1 NEW SPECIES OF THE BRYOZOAN GENERA BATOPORA AND LACRIMULA (BATOPORIDAE) FROM AUSTRALIA P. L. COOK 1 & P. E. BOCK 2 1 Honorary Associate, Marine Biology Section, Museum of Victoria, GPO Box 666E, Melbourne, VIC 3001, Australia. 2 School of Ecology and Environment, Deakin University, Melbourne Campus, Burwood Highway, Burwood, Victoria COOK, PATRICIA L. & BOCK, PHILIP E. 2004:12:04. New species of the bryozoan genera Batopora and Lacrimula (Batoporidae) from Australia. Proceedings of the Royal Society of Victoria 116(2): ISSN Examination of samples of bryozoans from the south- eastern slope sediments of Australia ( Franklin SLOPE Stations 6, 7), has revealed the presence of many specimens of several genera with species which have minute, rooted colony forms. Among these are new species of the genera Batopora Reuss (B. problematica) and Lacrimula Cook (L. affinis). The structure of colonies is briefly described. The family Batoporidae is considered to contain only these two genera, although they have relationships with the discoidal genus Orbitulipora, and similarities in colony form to the genera assigned to the Conescharellinidae. Keywords: THE STRUCTURE and affinities of both Batopora and Lacrimula were described by Cook & Lagaiij (1976) in some detail. Copiously illustrated notes on the astogeny of Batopora have recently been provided by Pizzaferri & Braga (2000). Both genera include small, conical or globular (conescharelliniform) colonies, which are known from Recent examples, to be anchored by rootlets. Colonies are formed entirely by reversed frontal budding, and in this respect are similar to species of both Conescharellinidae and the genus Sphaeropora (Lepraliellidae). However, the Batoporidae does not appear to be closely related to either of these groups. Material and methods. All specimens are part of the collections of the Museum of Victoria (NMV), and were collected by the RV Franklin from two Stations: Stn 6 off Nowra NSW S E 770 m, , bottom, crinoid dominated, and Stn 7 off Nowra NSW S E 1096 m, , epibenthic sled. All the colonies of Batopora and Lacrimula were accompanied by two species of Trochosodon and four species of Conescharellina. Measurements. Lor, lor, length and width of orifice; Lov, lov, length and width of ovicell; Lav, lav, length and width of avicularian rostrum. BATOPORIDAE Neviani, 1901 Batoporideae Neviani 1901: 220 (106). Orbituliporidae Canu & Bassler 1923 part; Cook & Lagaaij 1976 part. Batoporidae (presumably for Batoporideae) Gordon & d Hondt 1997: 70. Type genus. Batopora Reuss (1867) Remarks. Batoporidae includes only Batopora and Lacrimula. Gordon & d Hondt (1997) emended Neviani s name, and regarded it as a senior synonym of Orbituliporidae in general, but did not discuss which genera had been assigned to either family. Neviani (1901) included Batopora with Conescharellina, which last is referable to the family Conescharellinidae. Canu & Bassler (1923) included a wide range of genera, the majority of which has been assigned subsequently to other families. Batopora and Lacrimula include a range of very similar forms. At present, the distinction between genera relies upon the differences in shape of primary orifice, in the origin of rootlets, and in the relationships of the ovicell. Orbituliporidae is maintained here for the discoidal genus Orbitulipora. 59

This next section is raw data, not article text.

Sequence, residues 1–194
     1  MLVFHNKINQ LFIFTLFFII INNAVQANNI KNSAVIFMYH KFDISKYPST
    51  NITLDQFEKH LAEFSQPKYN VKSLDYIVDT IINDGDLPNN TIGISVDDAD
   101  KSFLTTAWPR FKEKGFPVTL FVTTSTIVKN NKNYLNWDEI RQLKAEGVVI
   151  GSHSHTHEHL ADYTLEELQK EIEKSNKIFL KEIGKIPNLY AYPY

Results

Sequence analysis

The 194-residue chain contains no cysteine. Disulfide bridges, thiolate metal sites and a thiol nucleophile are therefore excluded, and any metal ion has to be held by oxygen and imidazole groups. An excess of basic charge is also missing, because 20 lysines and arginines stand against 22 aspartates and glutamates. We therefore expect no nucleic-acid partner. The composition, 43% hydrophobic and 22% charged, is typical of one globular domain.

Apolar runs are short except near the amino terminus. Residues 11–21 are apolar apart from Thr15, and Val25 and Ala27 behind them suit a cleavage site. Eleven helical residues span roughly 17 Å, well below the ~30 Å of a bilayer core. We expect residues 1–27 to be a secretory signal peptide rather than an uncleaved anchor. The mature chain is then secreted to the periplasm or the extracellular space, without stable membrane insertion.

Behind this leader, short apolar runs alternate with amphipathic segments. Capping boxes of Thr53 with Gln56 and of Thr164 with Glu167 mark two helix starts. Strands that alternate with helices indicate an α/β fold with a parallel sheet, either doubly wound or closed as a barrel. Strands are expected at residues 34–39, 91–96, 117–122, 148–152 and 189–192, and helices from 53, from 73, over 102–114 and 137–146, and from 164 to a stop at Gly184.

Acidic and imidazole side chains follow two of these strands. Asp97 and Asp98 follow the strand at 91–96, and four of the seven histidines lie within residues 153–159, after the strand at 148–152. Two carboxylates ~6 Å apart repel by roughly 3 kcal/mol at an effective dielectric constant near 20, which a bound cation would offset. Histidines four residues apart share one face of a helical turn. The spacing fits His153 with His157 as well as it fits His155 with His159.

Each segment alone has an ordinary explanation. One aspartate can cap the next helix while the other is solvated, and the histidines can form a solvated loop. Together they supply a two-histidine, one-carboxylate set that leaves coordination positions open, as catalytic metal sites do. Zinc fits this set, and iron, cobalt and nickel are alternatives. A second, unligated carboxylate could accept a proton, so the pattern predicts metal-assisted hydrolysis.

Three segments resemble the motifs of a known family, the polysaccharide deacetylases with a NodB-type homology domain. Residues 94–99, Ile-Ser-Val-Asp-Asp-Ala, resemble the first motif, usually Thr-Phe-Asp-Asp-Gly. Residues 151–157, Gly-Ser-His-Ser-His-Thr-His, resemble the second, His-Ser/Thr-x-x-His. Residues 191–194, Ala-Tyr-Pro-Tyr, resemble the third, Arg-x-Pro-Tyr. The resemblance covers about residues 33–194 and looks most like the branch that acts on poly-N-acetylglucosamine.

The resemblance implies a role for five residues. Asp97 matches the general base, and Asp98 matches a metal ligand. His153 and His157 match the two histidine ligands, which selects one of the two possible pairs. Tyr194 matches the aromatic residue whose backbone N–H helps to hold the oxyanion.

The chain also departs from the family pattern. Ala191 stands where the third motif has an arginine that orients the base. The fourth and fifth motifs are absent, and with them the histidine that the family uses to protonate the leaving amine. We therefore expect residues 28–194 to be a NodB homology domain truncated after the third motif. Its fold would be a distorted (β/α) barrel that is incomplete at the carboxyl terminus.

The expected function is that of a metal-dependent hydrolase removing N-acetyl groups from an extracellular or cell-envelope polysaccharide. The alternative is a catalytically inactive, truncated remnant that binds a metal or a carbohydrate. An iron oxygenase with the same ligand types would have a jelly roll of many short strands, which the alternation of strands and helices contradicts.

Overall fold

2 PATRICIA L.COOK AND PHILIP E. BOCK Fig. 1. A-D, Batopora problematica sp. nov. A, D. Holotype, NMV F98031, A. Colony, adapical view showing central kenozooid and two ovicells, x42. D. Central kenozooid showing cribrate plate, x110. B, C. Paratype, NMV F B. Lateral view of colony with ovicells, x36. C. Detail of primary orifice and ovicell, x108.